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Urban Coyotes Could Set Stage for Larger Predators

Stan Gehrt, a wildlife ecologist at Ohio State University, inspects a coyote captured in the greater Chicago area as part of a long-running study on this increasingly common urban resident. (Image credit: Stan Gehrt)

Many urbanites in Chicago and other big cities have gotten used to the presence of coyotes, what with the wily animal popping up in everyday locations like a Quiznos sandwich shop, as happened in 2007. But the animal's presence in urban areas sets the stage for larger predators like wolves, mountain lions and bears, which might be harder to live with, according to one coyote researcher.  

About 5 miles (8 kilometers) from Chicago O'Hare International Airport is the smallest coyote territory ever found, which takes up all of a third of a square mile (0.8 square km).

That coyotes can survive in such a small area means they have plenty of food on which to survive. "They're finding everything they need right there, in the suburbs of Chicago," Stan Gehrt, an Ohio State University researcher, said in a statement. "It amazes me."

Coyotes are the largest mammalian predators to have made their way into and thrive in urban settings. But still larger animals could follow the same path.  

The test case

"The coyote is the test case for other animals," Gehrt said. "Raccoons, skunks, foxes —they've already been able to penetrate the urban landscape pretty well. The coyote is the most recent and largest. The jury's out with what's going to happen with the bigger ones."

Gehrt has been tracking coyotes in the Windy City since 2000, and has put tags on about 680 of the animals, tracking 50-60 of them at a time. His research has revealed some surprises: For example, unlike their rural kin, urban coyotes are monogamous, sticking with one mate for life. That's pretty rare in the animal kingdom, he said.  

Mountain lions and bears have been seen in increasing numbers in some areas. One mountain lion was recently shot in the Wrigleyville neighborhood of Chicago, for example. But unlike coyotes, mountain lions and bears are more likely to move into urban areas to find food, before returning to the countryside to reside, said Stewart Breck, a wildlife specialist at the National Wildlife Research Center, in Fort Collins, Colo.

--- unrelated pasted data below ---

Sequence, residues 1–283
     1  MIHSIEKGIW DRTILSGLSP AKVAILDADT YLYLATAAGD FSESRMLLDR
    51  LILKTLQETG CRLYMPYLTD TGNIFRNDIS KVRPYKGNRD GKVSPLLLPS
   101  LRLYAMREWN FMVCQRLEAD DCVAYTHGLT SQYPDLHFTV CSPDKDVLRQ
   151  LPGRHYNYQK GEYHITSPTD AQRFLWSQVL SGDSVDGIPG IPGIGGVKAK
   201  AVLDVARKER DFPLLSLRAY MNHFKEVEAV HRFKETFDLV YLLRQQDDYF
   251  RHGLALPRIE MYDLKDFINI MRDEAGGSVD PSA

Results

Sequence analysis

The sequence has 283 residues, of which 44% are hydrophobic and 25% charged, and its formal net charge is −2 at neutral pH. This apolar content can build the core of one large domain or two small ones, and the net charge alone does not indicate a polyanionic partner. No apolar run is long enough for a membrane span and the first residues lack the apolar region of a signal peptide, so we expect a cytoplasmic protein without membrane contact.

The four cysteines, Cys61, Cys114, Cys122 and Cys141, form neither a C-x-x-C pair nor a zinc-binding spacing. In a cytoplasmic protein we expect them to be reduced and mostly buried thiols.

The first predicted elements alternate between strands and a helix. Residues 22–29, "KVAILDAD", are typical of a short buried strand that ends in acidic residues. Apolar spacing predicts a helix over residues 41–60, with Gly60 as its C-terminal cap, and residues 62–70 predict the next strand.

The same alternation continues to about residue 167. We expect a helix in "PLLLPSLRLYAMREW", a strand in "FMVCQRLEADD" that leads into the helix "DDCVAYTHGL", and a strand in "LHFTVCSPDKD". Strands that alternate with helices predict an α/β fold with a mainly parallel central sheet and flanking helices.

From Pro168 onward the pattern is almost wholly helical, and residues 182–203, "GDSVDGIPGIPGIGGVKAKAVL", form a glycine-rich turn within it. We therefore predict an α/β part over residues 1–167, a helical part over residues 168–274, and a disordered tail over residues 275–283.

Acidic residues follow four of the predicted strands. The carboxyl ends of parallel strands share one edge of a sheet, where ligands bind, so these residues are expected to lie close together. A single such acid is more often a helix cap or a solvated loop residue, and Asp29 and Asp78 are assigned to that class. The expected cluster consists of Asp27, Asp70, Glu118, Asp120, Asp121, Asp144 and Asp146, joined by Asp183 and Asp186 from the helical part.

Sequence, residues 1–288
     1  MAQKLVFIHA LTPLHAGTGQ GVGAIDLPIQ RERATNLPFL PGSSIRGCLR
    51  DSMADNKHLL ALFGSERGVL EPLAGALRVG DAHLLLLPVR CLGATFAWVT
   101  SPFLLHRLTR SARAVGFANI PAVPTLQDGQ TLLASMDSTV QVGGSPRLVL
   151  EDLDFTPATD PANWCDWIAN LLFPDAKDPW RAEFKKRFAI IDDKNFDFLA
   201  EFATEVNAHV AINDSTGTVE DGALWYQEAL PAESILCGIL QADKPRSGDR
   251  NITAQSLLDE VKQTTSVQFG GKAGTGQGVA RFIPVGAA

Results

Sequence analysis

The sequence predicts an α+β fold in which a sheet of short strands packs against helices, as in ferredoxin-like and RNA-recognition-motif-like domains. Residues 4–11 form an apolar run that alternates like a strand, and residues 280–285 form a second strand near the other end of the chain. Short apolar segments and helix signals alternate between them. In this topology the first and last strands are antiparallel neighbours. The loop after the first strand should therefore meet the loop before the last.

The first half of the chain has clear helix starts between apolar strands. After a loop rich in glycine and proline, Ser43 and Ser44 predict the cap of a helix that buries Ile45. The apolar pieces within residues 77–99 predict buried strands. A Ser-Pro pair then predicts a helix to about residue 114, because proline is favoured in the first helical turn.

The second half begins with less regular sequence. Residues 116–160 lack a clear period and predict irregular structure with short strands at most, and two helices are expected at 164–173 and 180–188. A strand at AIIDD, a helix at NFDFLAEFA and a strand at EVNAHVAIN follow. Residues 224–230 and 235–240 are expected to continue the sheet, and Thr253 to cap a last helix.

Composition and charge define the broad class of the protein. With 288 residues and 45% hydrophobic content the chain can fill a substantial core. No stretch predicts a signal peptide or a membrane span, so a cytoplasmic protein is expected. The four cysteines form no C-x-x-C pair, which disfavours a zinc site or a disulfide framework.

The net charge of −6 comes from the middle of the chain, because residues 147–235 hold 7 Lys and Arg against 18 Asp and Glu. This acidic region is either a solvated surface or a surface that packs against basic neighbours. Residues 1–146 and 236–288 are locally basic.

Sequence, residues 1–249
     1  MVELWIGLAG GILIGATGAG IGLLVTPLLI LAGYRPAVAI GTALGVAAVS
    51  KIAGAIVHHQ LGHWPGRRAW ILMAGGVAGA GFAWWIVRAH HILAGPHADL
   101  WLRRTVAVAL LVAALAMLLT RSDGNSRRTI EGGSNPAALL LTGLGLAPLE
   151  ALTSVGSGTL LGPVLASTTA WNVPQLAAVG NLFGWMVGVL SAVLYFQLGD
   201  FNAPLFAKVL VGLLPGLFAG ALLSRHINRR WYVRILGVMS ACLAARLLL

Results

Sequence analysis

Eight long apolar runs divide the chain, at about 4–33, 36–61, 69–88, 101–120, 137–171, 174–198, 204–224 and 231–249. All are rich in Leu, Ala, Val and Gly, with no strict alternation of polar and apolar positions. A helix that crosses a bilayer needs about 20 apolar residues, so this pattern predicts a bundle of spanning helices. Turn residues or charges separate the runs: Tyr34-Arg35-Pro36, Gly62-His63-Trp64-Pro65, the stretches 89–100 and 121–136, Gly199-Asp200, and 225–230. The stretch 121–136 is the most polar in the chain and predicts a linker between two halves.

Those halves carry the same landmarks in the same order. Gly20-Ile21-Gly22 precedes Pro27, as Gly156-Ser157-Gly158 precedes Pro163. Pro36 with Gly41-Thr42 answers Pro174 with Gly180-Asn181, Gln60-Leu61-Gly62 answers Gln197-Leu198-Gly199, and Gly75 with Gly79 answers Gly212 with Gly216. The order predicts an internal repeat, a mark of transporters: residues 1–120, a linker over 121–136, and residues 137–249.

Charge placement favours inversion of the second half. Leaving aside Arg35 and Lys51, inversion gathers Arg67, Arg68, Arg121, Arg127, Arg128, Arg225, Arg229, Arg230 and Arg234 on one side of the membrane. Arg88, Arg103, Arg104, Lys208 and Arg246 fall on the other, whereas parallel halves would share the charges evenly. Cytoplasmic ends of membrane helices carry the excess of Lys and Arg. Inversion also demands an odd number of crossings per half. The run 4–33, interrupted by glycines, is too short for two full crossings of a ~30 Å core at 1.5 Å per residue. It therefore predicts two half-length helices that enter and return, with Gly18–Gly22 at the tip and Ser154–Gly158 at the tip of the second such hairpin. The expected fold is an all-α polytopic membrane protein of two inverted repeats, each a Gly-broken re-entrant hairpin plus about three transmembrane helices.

Still, bears occasionally take up residence in urban areas, and this is a trend that could increase, Breck told OurAmazingPlanet. Breck recently started a study of human-coyote interactions in the Denver metropolitan area, where he guessed there may be approximately 500 coyotes. 

Challenge of coexistence

The movement of these wild animals into urban areas could present challenges for both humans and animals trying to coexist.

"It used to be rural areas where we would have this challenge of coexistence versus conflict with carnivores," Gehrt said. "In the future, and I would say currently, it's cities where we're going to have this intersection between people and carnivores," he said.

That said, there has been little conflict between the 2,000 coyotes that live in the Chicago metro area, and its 9 million human residents.

In fact, many Chicagoans have come to appreciate coyotes. A Chicago Fire Department boat recently rescued a coyote dubbed Holly who was stranded on an ice flow in Lake Michigan.

Coyotes are usually docile around people, and there is only one known case of the animals killing a human adult — a lone hiker was reportedly attacked by two coyotes in Nova Scotia in 2009.

"We used to think only little carnivores could live in cities, and even then we thought they couldn't really achieve large numbers," Gehrt said. "But we're finding that these animals are much more flexible than we gave them credit for and they're adjusting to our cities."

Gehrt will describe his research today (Oct. 5) in a talk at EcoSummit 2012, an international conference focused on ecological sustainability being held in Columbus, Ohio, this year.

While there are more people than ever before, there are also more carnivores moving into cities, Gehrt said.

In comparing his findings about coyote survival in cities to research by another group on those living in rural areas, Gehrt has found that the urban coyote pup survival rate is five times higher than the rate for rural pups. In both environments, humans are the coyotes' primary predator, either through intentional removal or accidental death from automobiles.

Coyotes benefit people by removing pests like rodents.

Reach Douglas Main at dmain@techmedianetwork.com. Follow him on Twitter @Douglas_Main. Follow OurAmazingPlanet on Twitter @OAPlanet. We're also on Facebook and Google+.

Douglas Main
Douglas Main loves the weird and wonderful world of science, digging into amazing Planet Earth discoveries and wacky animal findings (from marsupials mating themselves to death to zombie worms to tear-drinking butterflies) for Live Science. Follow Doug on Google+.